I was sitting in a booth at one of the restaurants near our office, as I waited for people to arrive. It was the third meeting of the day, following an equally ambitiously booked schedule the day before. I looked around, admiring the massive beams overhead and listening to the murmurs and clinking glass. The upholstery on the seat was cool against my back and the dim lighting was a welcome relief from the bright sun. My hands toyed with my phone and then out of nowhere it hit me.
That’s all that was left, just eight days of having a child not in elementary school. I’d known it before, but as I sat waiting to do my work thing tears pounded at the backs of my eyes, reminding me of the waves at the cape—their strength and intensity not to be underestimated. Years of exclaiming over bedazzled toilet paper rolls filled with dried beans. Watching pudgy fingers point at new discoveries. Pregnancy tests, wobbly steps, first haircuts, the indescribable softness of post-bath toddler hair and the balm of morning cuddles and impromptu naps in high chairs.
Not now, this cannot happen now.
I made a playful plea on Twitter for people to tell me jokes because I am, once given to tears, unable to return. It worked. The meeting passed with much laughter and conversation. I walked back to the office proud to have kept the tears at bay. I shooed my mind away from classroom visits, school supplies, and first steps into the enormous yellow bus. This 9-5 emotional avoidance is happening more and more now. I suppose it could be the girls’ ages, but I think it is more my own increasing awareness of people’s tolerance.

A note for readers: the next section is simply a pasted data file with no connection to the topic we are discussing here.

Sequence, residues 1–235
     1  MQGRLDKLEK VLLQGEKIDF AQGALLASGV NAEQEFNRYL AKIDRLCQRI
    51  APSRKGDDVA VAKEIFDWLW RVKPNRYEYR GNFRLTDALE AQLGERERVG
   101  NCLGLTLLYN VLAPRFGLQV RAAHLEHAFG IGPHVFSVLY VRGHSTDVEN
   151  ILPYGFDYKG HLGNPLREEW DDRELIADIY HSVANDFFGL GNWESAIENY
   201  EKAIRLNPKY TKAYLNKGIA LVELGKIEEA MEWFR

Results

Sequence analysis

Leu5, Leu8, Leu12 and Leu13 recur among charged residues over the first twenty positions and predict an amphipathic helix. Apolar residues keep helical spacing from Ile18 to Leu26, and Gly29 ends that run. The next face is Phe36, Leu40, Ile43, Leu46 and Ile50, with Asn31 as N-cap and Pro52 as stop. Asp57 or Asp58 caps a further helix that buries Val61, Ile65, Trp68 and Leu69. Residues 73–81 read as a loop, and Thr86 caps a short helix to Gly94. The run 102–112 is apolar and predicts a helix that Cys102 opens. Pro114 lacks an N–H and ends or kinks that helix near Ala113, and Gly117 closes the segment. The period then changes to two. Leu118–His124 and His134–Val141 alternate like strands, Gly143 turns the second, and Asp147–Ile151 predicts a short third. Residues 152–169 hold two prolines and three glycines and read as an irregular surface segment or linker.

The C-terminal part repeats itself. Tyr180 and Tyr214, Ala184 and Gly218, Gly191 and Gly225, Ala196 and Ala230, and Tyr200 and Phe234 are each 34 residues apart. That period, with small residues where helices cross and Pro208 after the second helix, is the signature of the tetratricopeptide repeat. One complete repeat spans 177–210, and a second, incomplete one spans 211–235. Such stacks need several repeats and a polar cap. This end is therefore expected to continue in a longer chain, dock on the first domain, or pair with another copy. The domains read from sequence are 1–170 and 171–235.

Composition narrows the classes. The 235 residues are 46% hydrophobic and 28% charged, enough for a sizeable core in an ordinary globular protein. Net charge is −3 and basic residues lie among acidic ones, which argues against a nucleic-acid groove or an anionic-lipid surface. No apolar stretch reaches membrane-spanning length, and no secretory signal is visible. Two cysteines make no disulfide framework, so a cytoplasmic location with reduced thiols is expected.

There isn’t enough time in the day to balance family and work, there isn’t enough time at night to manage family and finish work. Life with one not seeping into the other seems impossible. The lines have blurred and there is as much controversy with work life balance as there is with that song. How do you balance work and home, music and “sorry honey, we can’t listen to those songs anymore” without help? The desire to commiserate or over-share is as persistently appealing as the tune of that song, and yet ultimately, it’s not an entirely good thing.
My guess is that this is not a problem exclusive to working moms or to blogging moms. Things change as you move further from Baby Bjorns and lovies, and closer to Top 40 and first loves. You are reminded again that you are making all this stuff up as you go, that there was no formal training in parenting, and yet you are a decade in to the whole thing. Talking about it seems like it might help, but then again, it’s hard to say that all three of your kids are obsessed with a song that’s about sex and you don’t really know how to manage the unwieldy door of pop music.
Finley will start school on Thursday, clambering up the same bus steps her sisters have the last few years. It’s a passage that she’s been looking forward to, we all have. Having two older sisters, she is ready. Rationally I understand that with it come new freedoms for both of us, but I am still finding my way with knowing that not everyone wants to hear about kids at work. Finley, like her sisters, is going to want to talk about somethings, while others she will want to keep to herself.
I guess I just never realized how after something as definitive of two lines and all the joy and wonder that came with it, we would reach a point that was so excruciatingly blurred.